- American Architectural Foundation - http://www.archfoundation.org -

The American Architectural Foundation, as a nonprofit partner of Save America’s Treasures (SAT) [1] since 2014, is on a mission to tell the stories behind the Save America’s Treasures grants. Working with the National Park Service [2] and its Save America’s Treasures [1] partner agencies, we’re working to increase public understanding and visibility of this critical program and the role it plays in preserving our most significant cultural, intellectual and heritage resources.

The Save America’s Treasures program is the largest and most successful federal grant program, and is the only federal program dedicated solely to the physical protection of our nation’s irreplaceable cultural heritage. From 1999 to 2010, Congress appropriated over $315 million to approximately 1,300 projects to provide preservation and conservation work on nationally significant and historic collections, artifacts, structures and sites. Requiring a dollar-for-dollar private match, these grants have leveraged more than $377 million to date in private investment, and have contributed more than 16,000 jobs to local and state economies. Although no new grants have been funded since 2010, 175 grant projects are still in progress.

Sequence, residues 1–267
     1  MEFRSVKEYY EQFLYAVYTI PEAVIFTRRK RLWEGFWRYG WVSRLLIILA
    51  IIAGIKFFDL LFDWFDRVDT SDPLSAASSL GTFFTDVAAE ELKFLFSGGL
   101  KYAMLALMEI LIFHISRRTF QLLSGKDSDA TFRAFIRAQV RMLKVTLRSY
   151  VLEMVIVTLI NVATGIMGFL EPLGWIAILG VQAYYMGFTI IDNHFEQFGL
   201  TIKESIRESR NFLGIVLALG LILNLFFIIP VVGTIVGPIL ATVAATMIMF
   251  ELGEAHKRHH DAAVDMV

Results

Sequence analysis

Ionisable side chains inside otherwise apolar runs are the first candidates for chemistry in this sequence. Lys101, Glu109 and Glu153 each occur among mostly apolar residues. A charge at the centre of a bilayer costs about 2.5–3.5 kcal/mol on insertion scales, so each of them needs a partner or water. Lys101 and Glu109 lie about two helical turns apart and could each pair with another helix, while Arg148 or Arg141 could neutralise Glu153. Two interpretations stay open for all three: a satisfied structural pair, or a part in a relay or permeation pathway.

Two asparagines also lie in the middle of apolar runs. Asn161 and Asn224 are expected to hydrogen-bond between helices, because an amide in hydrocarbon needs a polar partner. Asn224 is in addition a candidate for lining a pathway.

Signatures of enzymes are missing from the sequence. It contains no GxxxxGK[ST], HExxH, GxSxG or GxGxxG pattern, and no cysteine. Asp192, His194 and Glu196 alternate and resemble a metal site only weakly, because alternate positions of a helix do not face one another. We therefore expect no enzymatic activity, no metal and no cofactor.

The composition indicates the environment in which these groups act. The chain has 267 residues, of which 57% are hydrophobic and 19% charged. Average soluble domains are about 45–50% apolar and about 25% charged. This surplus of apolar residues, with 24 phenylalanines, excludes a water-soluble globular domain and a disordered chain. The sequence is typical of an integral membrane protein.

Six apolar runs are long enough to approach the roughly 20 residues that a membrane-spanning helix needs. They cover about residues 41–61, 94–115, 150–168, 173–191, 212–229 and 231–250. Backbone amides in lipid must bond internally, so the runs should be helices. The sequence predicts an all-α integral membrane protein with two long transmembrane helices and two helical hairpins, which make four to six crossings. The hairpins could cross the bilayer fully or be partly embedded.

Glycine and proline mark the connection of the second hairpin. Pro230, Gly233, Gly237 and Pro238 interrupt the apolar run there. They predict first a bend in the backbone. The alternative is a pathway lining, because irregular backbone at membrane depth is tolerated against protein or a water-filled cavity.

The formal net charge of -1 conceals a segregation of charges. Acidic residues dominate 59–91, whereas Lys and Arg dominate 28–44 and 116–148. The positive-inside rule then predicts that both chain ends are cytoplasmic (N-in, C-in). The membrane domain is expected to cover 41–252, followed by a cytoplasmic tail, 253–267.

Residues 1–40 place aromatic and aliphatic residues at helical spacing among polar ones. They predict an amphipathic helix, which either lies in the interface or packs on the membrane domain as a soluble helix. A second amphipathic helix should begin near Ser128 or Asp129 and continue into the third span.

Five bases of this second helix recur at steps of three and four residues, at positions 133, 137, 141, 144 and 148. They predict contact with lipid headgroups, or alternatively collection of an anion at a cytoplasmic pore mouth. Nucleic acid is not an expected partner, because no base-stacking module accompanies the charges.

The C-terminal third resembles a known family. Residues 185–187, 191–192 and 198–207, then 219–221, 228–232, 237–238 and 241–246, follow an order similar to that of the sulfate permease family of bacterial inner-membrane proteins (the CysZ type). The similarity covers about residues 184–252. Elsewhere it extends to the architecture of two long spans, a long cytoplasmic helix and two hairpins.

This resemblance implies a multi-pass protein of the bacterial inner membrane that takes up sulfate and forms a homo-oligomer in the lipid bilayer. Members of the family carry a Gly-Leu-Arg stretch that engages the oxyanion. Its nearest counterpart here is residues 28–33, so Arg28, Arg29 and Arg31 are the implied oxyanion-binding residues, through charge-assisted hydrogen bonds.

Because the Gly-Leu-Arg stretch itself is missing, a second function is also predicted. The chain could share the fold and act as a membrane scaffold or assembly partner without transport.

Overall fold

AAF has been a longtime supporter of Save America’s Treasures, and knows firsthand the impact of this valuable program, having received grants to save two of our treasures – the Octagon House [3] and the only remaining architectural presentation model of the World Trade Cente [4]r [4]. There are over a thousand additional untold SAT stories that can shed light on some of the greatest ideas, events, and achievements in American culture and history, and we want to tell why each SAT project and grant uniquely mattered.

These stories illuminate not only the resilience of our American treasures, but also the ongoing need in the 21st century to protect our cultural heritage and give recognition and praise to all the heroic preservation efforts that have often been unsung.

.

.